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A Look at the ‘Chaos Monsters’ of Social Media

Amber Davisson
Amber Davisson

Trolls and memes: they overlap with politics in ways that are sometimes weird, sometimes creepy, and sometimes riveting. What’s really cool is that these social media spectacles are a subject of academic research.

Meet Amber Davisson, associate professor of communication at Keene State, who likes to joke that she studies the bad things people do online – and one of her favorite things is involving students in her research. She’s one of four co-authors of a new book, Poaching Politics: Online Communication During the 2016 US Presidential Election.

So what about those trolls and memes and the 2016 elections? Remember the “deplorables,” Hillary Clinton’s soundbite targeting white supremacists? In the book, Prof. Davisson traces the way online trolls – troublemakers who log onto social media, typically under fake names, just to stir up chaos – hijacked the concept and turned “deplorables” into a unifier for supporters of Donald Trump.

“The trolls are apolitical,” Prof. Davisson says. “They care less about Trump’s politics and more about chaos. They were chaos monsters, and they were enjoying being chaos monsters.”

She writes about more of that kind of chaos in a chapter that looks at the way trolls convinced the mainstream media that a popular internet meme, Pepe the Frog, was a Nazi symbol – after which Pepe literally became a Nazi symbol, much to the distress of the cartoonist who created him. Another example? One social media troll made it his mission to push out images of Hillary Clinton tripping or coughing, along with text implying she had a serious illness. The media jumped in to report that it wasn’t true, but that made it a story, and it became part of the conversation.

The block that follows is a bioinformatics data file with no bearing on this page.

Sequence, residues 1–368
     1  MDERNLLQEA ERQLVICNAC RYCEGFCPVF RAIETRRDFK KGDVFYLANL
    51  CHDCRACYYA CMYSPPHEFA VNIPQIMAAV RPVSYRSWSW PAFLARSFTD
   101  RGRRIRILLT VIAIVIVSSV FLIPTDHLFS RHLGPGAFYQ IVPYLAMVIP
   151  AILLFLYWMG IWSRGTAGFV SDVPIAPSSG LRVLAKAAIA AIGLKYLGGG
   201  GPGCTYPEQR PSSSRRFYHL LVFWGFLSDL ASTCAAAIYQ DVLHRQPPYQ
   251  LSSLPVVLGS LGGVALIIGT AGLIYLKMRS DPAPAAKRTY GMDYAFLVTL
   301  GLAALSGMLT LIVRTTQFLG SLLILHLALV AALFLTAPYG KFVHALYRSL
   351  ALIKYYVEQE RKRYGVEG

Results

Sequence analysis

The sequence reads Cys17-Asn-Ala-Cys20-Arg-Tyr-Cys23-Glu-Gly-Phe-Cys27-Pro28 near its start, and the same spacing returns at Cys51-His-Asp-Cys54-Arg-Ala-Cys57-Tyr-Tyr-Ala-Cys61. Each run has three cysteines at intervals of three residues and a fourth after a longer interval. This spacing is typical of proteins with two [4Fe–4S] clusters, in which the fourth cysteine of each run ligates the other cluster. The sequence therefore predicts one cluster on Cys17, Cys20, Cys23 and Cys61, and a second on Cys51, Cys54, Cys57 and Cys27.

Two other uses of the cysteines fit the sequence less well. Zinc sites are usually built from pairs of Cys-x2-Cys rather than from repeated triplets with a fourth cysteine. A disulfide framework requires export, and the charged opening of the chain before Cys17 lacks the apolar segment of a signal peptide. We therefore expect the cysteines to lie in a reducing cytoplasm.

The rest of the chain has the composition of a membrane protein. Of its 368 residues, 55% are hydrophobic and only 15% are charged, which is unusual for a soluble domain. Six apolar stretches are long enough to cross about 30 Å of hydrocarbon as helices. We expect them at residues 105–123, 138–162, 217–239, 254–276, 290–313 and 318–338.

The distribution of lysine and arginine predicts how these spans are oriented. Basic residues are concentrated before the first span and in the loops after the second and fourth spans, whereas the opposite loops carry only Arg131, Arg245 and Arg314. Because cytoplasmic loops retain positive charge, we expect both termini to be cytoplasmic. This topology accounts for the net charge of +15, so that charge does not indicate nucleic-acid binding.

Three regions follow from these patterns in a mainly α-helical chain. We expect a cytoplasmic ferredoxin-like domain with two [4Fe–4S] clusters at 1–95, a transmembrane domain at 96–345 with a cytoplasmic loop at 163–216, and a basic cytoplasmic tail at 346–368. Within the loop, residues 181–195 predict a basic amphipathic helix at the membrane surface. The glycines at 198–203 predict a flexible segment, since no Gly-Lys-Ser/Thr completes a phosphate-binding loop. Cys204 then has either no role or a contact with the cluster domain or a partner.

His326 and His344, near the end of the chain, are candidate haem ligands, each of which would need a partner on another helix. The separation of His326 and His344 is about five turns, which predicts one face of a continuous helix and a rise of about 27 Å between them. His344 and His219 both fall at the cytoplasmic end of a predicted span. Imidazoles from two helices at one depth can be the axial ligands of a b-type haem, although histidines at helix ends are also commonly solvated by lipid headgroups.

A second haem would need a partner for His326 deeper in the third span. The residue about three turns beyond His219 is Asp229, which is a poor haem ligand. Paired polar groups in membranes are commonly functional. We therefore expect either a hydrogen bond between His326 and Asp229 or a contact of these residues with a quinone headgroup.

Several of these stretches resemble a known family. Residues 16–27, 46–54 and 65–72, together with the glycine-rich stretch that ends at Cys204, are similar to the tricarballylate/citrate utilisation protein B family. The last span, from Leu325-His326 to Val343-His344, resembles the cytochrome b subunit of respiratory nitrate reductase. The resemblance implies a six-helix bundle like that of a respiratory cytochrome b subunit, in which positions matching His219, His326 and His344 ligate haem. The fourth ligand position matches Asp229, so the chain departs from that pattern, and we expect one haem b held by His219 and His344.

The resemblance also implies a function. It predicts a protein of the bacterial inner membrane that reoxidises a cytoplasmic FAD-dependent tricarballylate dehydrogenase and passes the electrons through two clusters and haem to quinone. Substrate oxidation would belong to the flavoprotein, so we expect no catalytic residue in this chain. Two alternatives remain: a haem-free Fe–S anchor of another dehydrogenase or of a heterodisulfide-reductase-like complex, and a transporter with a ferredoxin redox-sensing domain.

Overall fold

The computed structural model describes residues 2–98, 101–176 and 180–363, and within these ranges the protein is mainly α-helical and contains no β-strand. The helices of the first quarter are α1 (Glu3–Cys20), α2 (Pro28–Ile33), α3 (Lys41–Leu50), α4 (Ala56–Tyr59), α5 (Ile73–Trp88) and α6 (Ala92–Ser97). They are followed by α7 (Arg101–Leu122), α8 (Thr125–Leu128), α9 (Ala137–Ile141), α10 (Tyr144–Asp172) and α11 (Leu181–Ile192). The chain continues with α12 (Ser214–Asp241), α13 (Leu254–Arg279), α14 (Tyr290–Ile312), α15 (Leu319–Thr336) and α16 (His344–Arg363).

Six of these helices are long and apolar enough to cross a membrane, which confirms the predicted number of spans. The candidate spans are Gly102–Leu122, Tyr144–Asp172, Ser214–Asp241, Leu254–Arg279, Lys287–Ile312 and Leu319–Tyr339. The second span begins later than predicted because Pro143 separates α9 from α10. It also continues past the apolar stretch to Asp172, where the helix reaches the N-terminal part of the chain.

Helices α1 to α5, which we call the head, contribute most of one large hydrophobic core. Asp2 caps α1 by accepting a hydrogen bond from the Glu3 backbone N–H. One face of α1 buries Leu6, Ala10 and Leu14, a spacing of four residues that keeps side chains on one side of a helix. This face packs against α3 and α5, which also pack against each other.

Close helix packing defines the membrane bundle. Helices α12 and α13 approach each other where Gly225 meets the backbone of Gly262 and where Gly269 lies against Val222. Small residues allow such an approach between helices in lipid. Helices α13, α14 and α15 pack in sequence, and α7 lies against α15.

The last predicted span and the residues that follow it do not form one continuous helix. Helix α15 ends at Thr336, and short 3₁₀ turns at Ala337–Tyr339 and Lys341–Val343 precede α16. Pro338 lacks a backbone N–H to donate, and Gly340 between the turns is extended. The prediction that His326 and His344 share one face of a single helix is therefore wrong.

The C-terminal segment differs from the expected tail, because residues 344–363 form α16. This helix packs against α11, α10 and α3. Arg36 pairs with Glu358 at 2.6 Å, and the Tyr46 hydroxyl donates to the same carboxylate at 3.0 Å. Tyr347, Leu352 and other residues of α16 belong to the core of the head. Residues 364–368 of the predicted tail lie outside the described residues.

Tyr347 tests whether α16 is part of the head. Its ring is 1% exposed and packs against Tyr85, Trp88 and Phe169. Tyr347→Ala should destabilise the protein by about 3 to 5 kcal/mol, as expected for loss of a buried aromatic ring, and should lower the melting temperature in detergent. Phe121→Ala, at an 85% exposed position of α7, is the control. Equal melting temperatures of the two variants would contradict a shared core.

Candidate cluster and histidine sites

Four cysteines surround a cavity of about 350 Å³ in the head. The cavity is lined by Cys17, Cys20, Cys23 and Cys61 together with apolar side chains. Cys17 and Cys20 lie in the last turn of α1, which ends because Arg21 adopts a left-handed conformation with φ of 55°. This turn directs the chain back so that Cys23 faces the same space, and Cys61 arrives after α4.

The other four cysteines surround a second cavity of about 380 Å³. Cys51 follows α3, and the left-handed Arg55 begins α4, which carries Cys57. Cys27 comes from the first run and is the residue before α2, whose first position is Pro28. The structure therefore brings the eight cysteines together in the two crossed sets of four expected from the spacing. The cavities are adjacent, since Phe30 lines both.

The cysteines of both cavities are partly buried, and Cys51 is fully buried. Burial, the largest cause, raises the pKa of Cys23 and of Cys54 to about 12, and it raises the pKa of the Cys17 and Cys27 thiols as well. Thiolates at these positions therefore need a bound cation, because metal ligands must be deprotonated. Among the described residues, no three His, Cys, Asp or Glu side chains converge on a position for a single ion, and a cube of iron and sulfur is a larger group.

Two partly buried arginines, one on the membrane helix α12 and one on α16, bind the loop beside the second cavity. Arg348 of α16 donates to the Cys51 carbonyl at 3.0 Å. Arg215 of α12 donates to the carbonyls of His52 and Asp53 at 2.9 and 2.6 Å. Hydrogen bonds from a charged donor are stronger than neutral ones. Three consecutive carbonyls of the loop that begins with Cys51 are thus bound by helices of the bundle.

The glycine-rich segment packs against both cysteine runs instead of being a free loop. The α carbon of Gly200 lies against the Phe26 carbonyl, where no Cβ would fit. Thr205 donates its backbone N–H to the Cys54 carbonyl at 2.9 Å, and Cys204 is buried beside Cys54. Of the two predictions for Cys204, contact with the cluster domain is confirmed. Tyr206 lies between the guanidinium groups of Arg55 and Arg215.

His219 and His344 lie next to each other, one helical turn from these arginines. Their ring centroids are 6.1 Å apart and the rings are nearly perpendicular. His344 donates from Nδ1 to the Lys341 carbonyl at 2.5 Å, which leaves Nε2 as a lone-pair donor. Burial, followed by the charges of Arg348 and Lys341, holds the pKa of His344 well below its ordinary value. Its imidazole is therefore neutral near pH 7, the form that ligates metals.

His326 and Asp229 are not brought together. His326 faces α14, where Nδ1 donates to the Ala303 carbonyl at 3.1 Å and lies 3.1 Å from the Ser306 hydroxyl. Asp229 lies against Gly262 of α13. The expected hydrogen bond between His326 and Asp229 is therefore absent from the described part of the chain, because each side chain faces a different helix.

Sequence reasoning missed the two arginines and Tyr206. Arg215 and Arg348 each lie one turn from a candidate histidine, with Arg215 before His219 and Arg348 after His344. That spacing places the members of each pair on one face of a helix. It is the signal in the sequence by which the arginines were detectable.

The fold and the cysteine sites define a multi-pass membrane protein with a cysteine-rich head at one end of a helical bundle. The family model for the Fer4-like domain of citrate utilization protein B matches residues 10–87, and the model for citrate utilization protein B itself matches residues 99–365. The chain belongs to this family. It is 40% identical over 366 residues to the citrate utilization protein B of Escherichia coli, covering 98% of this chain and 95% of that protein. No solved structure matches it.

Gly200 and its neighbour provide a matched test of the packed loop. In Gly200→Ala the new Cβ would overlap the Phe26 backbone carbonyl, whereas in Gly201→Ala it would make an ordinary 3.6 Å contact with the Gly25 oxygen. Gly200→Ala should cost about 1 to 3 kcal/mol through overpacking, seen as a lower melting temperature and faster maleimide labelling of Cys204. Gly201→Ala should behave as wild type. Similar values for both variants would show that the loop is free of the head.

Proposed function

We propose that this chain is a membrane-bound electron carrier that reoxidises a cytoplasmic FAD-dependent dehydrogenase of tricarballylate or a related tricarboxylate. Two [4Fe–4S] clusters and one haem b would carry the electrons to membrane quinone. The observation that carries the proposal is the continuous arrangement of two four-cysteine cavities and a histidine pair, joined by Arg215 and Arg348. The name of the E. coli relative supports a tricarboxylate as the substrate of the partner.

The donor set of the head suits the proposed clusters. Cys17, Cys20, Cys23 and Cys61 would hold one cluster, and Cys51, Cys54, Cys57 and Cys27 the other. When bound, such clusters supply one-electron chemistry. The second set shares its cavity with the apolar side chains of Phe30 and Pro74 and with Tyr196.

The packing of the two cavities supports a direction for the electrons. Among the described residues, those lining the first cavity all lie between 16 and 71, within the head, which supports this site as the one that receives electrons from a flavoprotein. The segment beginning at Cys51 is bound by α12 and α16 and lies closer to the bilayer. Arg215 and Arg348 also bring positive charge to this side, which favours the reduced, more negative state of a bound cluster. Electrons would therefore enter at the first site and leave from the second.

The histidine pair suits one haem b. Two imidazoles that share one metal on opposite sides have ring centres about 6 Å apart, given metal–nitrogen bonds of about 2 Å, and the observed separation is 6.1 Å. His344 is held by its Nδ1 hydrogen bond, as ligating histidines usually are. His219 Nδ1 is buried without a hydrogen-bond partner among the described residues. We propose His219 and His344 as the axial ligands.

“That’s what the book is about – the way these trolls were able to use social media to generate narratives that got journalistic attention and then became critical parts of the election,” says Prof. Davisson, who has served as a media expert on the topic for news outlets including the Washington Post and National Public Radio.

So what do we do about this problem of social media being used to spread fake information to either sway people’s opinions about candidates or simply stir up chaos? Prof. Davisson suggests a couple of things. First, think carefully about info you see posted on social media. If something sounds ridiculous or conspiracy-oriented, look it up. Chances are it’s fake. And if somebody you know posts something or tells you something that sounds fishy, check it out on the spot and correct them if necessary.

Second, don’t get caught up in the outrage! “The internet operates a lot on outrage,” she says. “We like to be outraged. We post things on Facebook when we’re outraged.” Worse yet, “We’ve reached a political moment in which everyone has decided the other side is stupid, so part of our outrage is ‘Look how stupid the other side is.’” Online trolls are playing with that outrage, partly because the more we believe the other side is stupid, “the more demoralized we become and the more faith we lose in our political system,” she says.

Third, think about what you want your online community – whether it’s Facebook, Twitter, Instagram, or another site – to be like. When you share posts designed to feed the outrage, you’re helping make the site a place that’s unpleasant. “I think about it like littering,” says Prof. Davisson. “You don’t litter because you don’t want to live somewhere gross. You should think about the fact that online you are littering, and you are making the space you live somewhere gross.”

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